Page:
The Perch Inn
- Food and drink
Miraculously this was my first time coming to The Perch, drawn out to Binsey by the Irregular Folk Summer Sessions Weekender; it won’t be my last visit. We spent most of the time inside due to the afternoon’s driving rain, but my word would those gardens be stunning in the sunshine. Inside it’s quite like Wolvercote’s Jacob’s Inn for its relaxed affluence and gentrified country feel. There are expensive stoves in each end of the main building, to keep it cozy but unsooty, and appealing jenga-like logs stacked up to the ceiling that are too beautifully cut to have ever been intended for burning.
We were seated in a cushioned corner of a reasonably empty restaurant, though we were told we were lucky to get a table as they were pretty booked out for the rest of the Saturday afternoon/evening. Despite being near a speaker, the music wasn’t too loud and was actually a surprising and pleasing mix of Laura Marling, Birdy and nostalgic end-of-night country anthems.
We were attended to almost too immediately after being handed menus, and informed of the day’s specials, a goats cheese mousse to start, and an enormous steak (£25) or a whole lobster (£30) for the mains. The normal lunch/dinner menu had already caught our attention, however, and after a bit of dillydallying, the three of us decided to go for two starters to share. The Dorset crab on toast was uncomplicated and moreish on substantial brown soda bread, with some mixed leaves on the side. It wasn’t tiny, and it was tasty, but was still probably overpriced at £8.95. The other starter, Manor Farm asparagus with poached duck egg, parsley crumb and Winchester cheese (£7.25) met expectations, with the hard cheese filings particularly interesting.
All the mains we went for were £12.95, the West Country goats cheese, roasted beet, orange and pickled carrot salad being the main of choice for one of our party; with a side of chips, because sometimes you just need chips. She described the salad as light and refreshing; a well-balanced combination of creamy, tangy and sweet, and a perfect summer dish. It certainly looked vibrant and almost fomo-worthy.
The other two of us each went for the ale-battered fish served with triple cooked chips, peas, thick homemade tartar sauce and a chunk of lemon. It was a great choice. The batter was not too greasy, hard or strong of flavour, and the fish beneath it was soft and delicious, though we never did discover what fish it was. The triple cooked chips were fluffy, crunchy and piping hot, the requested mayonnaise homemade, and the ketchup the ideal glass-bottled Heinz. The peas were thankfully unminted or mushied, and served in a little ceramic dish on the plate to protect them from depressingly rolling into the condiments. It was a testament to how good a fish and chips it was that when the time came for triaging the rest of the plate for impending fullness, one of us prioritised the fish and the other the chips. The only sadness of the dish was provided by the dish itself. Rather than a regular plate it was a very pretty bowl-plate with a precarious tipping point not far from the centre.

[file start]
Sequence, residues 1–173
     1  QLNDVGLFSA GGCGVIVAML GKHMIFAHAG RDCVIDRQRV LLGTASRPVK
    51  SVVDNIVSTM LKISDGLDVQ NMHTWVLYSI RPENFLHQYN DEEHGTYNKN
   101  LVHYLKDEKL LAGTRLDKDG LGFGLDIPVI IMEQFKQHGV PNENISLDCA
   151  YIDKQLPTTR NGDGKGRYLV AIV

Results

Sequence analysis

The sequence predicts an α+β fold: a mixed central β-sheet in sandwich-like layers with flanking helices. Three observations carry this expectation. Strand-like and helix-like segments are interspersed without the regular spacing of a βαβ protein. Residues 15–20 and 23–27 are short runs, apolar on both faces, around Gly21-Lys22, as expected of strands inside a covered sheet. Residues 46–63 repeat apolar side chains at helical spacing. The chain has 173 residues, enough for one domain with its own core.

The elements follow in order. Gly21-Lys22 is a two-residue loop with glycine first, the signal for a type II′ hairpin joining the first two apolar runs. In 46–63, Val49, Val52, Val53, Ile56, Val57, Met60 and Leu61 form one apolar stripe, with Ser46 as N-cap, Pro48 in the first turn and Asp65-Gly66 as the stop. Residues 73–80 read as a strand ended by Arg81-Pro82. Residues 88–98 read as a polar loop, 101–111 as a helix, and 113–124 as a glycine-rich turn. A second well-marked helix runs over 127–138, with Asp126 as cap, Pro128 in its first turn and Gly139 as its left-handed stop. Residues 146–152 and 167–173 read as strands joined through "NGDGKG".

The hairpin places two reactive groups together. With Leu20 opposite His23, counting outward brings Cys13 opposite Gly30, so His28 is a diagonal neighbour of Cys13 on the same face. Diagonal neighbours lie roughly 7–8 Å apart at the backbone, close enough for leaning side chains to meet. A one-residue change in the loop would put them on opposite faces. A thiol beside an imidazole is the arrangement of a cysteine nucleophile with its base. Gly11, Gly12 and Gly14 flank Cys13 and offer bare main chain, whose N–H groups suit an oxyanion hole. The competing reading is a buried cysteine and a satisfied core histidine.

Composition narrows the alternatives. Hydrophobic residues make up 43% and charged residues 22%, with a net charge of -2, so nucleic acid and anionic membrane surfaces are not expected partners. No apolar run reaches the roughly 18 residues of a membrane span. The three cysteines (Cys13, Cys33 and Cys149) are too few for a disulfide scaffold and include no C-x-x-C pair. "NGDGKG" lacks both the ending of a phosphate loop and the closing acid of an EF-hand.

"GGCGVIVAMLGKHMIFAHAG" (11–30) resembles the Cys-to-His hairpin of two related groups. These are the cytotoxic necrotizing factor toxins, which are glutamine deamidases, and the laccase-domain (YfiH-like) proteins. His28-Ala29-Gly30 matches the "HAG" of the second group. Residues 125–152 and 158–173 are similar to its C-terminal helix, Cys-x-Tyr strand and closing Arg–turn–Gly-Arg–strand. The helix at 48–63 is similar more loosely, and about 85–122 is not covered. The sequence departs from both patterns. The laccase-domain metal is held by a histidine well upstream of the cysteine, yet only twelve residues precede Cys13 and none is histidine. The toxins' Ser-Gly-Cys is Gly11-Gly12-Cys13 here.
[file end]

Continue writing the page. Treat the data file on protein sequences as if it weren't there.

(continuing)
The puddings sounded tempting, English and often jam-based, but sadly we didn’t think we’d manage them. After rejecting dessert it did take rather a long time to get the bill, and longer still to correct it with a discount entitled to us by our Irregular Folk Summer Sessions wristbands, but the service on the whole was decent.
Overall it's good quality food in a pretty setting. You're kind of charged for the view too, but when it's that good, it's just about worth it.
On a warm Saturday afternoon their pleasant outdoor eating area was packed and lots of people were being turned away, although they managed to squeeze us in indoors. Bread came swiftly and was free; slightly toasted and high in quality, if limited in quantity. Tap water was also swiftly provided, without fuss.
The focus is not really on the beer, and the choice of ale was rather limited; on a hot day, most people seemed to be clutching a pint of San Miguel Premium. The wine list looked enticing, though really quite expensive; we didn’t delve into it. The outdoor bar is a great improvement on the old layout and even with a full garden there were no queues.
We had a rather unconventional meal, trying four of the starters and just a single main – this seemed a good choice, as each starter was interesting and delightful. A fabulously rich and creamy cauliflower crème brulee was not overpowered by its crispy parmesan topping, with the taste of the vegetable coming through clearly without any hint of brassica pong. A very meaty ham terrine was matched well by an artistically-drizzled green apple compote and port reduction. My partner particularly liked the terrine’s garnish of baby pea shoots: the combination of pea leaf, pork and apple worked really well.
The highlight of the starters for me was the chicken liver parfait, which arrived in a cute individual mason jar and was unbelievably smooth and richly flavoured. We were also blown away by the ‘nibble’ of marinated goat’s cheese with peppers and capers, which didn’t sound or look like much but tasted unbelievable.